William Yanda (1818-1885) and his wife Anna Zeola (1823-1901) were immigrants from Bohemia, Austria, they and their ten children lived in the cabin. Frank (1846-1912), their oldest son also became a blacksmith.
He practiced his craft in other towns in the area and eventually moved back to the log cabin in 1882 with his wife Anna Benda (1845-1912). Frank and Anna raised eleven children in the cabin.
Frank sold the cabin to his son Frank Jr. who was one of the early mayors of the Village of Glen Carbon. Frank Jr. did not have any children. Several descendants of the Yandas' lived in the cabin before it was eventually sold.
James Harry Lister, originally from England, named the village in 1892 when a post office was established. Lister was one of the first village trustees and a specialist in opening mines and installing mining equipment. Lister actually named the village "Carbon Glen" which means Coal Valley. Reportedly, his daughter said that it sounded better when you reversed the words to Glen Carbon.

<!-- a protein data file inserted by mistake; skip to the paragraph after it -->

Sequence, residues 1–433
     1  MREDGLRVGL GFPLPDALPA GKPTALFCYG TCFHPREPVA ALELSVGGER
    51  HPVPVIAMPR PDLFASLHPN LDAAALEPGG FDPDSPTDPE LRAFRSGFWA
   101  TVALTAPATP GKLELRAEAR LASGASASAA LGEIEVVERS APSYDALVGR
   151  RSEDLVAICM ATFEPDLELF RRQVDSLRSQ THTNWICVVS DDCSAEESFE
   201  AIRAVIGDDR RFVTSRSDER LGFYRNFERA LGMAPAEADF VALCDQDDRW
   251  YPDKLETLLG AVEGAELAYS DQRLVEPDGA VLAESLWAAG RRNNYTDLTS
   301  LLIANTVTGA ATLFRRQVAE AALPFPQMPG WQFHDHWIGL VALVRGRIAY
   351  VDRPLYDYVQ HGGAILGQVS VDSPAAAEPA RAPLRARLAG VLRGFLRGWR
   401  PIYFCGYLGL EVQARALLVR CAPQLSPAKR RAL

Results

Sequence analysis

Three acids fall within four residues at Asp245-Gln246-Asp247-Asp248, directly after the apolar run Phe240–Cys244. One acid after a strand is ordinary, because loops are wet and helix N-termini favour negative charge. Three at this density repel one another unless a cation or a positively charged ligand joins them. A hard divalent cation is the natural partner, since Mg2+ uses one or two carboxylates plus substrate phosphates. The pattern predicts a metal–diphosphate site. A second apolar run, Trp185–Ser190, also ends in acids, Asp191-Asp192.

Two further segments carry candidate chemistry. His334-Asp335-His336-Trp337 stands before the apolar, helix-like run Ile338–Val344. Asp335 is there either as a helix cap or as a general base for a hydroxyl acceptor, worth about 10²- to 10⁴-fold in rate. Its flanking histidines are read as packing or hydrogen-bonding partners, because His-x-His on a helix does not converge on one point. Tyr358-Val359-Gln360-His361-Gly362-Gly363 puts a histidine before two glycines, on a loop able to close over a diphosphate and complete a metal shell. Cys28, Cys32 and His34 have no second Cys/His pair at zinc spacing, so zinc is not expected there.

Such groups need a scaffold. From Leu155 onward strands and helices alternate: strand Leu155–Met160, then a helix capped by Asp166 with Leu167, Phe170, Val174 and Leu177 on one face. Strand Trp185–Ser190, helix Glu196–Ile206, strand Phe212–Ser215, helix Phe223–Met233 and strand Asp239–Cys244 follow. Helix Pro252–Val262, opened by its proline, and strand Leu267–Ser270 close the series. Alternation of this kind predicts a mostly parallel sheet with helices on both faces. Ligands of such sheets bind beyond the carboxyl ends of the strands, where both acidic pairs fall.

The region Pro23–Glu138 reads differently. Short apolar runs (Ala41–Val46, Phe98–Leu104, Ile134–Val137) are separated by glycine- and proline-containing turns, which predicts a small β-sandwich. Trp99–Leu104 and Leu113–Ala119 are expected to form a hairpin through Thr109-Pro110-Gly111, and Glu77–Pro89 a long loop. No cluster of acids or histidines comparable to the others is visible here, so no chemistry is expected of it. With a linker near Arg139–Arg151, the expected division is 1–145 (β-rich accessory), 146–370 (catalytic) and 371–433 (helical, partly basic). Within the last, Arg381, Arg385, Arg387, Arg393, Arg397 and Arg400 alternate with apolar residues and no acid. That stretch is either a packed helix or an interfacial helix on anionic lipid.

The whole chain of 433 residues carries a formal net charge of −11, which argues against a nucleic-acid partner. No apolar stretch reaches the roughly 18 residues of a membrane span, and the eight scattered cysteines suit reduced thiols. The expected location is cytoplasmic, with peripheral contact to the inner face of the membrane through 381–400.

By the time it was sold, the cabin had gone through many modernizations and it was thought to be just an ordinary house. The plan was that the house was going to be used as a practice burn by the Village fire department.
When the vinyl siding was removed to do so, the historic log cabin was discovered underneath! All plans for burning it were halted. The Village of Glen Carbon bought the lot with the existing house which had been built around the cabin in 1989.
Renovation work began that same year and had concluded just in time for the Village’s Centennial Celebration in June 1992. The cabin now serves as an addition to the Glen Carbon Heritage Museum; a reminder of the past before Glen Carbon was incorporated.